Beware broad-brush approaches, even if you find a dictionary offering the count - uncount classification. Some - perhaps many - nouns are non-count in some senses and count in others. Coffee is a good example - its basic sense is uncount: Coffee is a drink made by infusing the ground beans of Coffea arabica etc. Too much coffee can be bad for you. ...
Well, the companion to Dictionary.com is Thesaurus.com.
I find Carter and McCarthy's 2006 Cambridge Grammar of English very useful. The great advantage is that it is based on an analysis of real language (the Cambridge International Corpus), which means that its insights are evidence-based, not intuition. Any reference grammars which are not based on corpus evidence are not worth buying.
One major issue with family names is that they can be pronounced however the family decides. Some pronounce the names as they were in the original language, some Anglicize the pronunciation, some Anglicize the spelling then adjust the pronunciation to fit, etc. A good example of this is Stephen Colbert. He pronounces his last name koʊlˈbɛər while his ...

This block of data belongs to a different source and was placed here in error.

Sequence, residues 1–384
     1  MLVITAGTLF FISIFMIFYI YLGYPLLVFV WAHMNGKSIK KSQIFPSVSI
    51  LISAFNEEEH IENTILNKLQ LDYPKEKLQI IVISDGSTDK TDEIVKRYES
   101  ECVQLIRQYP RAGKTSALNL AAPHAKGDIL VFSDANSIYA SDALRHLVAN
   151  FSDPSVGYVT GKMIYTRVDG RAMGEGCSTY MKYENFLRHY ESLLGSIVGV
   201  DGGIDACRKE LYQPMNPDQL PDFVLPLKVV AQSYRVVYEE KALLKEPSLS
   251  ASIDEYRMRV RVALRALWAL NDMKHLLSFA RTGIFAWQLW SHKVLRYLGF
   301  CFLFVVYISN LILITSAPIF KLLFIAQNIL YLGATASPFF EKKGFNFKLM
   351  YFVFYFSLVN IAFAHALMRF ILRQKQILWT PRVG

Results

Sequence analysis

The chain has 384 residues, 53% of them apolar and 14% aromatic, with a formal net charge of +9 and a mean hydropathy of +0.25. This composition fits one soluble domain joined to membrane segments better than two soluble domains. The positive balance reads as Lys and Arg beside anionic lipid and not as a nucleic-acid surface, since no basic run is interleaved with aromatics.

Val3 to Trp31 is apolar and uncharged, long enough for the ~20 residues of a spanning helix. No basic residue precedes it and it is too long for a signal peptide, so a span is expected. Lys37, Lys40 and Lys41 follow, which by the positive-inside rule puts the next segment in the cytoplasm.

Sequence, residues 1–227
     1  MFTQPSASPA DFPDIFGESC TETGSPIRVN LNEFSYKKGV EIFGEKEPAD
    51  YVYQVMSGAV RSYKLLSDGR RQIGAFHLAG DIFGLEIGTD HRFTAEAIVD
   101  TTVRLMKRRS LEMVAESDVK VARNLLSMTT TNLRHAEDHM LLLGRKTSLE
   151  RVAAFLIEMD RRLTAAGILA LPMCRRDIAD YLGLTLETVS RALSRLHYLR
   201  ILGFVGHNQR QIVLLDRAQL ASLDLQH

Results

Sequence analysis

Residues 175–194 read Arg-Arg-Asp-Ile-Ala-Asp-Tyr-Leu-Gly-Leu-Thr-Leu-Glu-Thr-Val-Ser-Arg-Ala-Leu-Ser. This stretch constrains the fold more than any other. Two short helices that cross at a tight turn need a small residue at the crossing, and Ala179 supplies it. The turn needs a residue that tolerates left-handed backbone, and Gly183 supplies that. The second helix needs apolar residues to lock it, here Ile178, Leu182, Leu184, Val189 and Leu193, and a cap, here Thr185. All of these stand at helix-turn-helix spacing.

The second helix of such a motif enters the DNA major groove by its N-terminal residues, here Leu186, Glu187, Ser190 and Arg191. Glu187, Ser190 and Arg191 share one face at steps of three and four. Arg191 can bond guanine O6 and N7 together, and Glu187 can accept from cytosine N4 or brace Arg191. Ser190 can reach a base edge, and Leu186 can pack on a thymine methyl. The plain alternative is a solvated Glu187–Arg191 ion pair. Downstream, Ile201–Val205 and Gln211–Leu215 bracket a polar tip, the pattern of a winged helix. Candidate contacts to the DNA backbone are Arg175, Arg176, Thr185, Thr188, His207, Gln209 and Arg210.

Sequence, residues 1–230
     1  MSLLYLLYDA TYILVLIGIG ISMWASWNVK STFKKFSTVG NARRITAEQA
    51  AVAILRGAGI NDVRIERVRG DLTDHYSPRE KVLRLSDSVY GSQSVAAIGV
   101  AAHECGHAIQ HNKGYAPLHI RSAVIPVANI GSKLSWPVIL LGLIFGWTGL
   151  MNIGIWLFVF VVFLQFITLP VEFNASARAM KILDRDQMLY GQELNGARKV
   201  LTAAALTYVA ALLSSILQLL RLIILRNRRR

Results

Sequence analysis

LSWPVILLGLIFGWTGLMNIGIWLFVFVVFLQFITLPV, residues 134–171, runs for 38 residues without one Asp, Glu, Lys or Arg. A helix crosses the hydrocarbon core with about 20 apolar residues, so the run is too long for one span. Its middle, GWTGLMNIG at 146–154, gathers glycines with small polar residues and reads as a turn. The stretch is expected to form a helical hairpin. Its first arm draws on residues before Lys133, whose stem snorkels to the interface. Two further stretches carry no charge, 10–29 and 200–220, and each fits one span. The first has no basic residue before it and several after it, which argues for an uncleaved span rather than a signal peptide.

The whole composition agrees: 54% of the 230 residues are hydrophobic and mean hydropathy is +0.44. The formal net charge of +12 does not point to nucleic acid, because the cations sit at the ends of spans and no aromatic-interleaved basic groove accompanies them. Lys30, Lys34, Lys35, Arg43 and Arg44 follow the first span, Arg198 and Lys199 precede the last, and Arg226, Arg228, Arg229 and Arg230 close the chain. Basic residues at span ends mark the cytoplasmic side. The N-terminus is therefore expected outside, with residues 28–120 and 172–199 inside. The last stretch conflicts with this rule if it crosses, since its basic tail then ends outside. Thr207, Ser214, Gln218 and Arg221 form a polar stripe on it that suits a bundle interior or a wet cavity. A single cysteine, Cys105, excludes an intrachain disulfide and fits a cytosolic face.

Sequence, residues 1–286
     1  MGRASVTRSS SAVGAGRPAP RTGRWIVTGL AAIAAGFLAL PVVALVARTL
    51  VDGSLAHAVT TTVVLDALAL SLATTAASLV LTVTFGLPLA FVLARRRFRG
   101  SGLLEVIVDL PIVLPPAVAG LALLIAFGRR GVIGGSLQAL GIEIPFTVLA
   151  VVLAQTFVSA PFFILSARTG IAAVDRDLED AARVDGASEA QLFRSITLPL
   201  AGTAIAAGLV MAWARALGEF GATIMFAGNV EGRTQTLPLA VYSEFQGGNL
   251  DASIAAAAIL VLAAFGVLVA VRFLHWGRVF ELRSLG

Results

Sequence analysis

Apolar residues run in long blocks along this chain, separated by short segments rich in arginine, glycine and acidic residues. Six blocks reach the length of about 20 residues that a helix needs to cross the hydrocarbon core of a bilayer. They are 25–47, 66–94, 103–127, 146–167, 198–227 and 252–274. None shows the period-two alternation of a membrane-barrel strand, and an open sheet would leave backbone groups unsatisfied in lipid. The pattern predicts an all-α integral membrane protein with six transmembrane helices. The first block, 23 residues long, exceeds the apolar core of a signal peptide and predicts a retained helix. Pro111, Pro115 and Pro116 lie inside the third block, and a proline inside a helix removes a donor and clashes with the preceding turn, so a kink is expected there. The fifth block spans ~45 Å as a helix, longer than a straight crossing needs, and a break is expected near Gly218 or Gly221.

The book that taught me what little (and how little) I know about English grammar is Huddleston and Pullum's Cambridge Grammar of the English Language. You can read chapter 1 and chapter 2 (PDF) free online. Those are introductory chapters. For a taste of the meat of the book, see this answer regarding the word yesterday, which is basically just a roundup of ...
Lots of dictionaries offer sample phrases. Merriam-Webster, Wiktionary, and the Free Online Dictionary come to mind. Complete sentences are usually provided to put expressions in context. And then, of course, there is Google. It allows you to search for sample sentences by using the operators * (wildcard) and ~ (similar word or synonym). For example, if you ...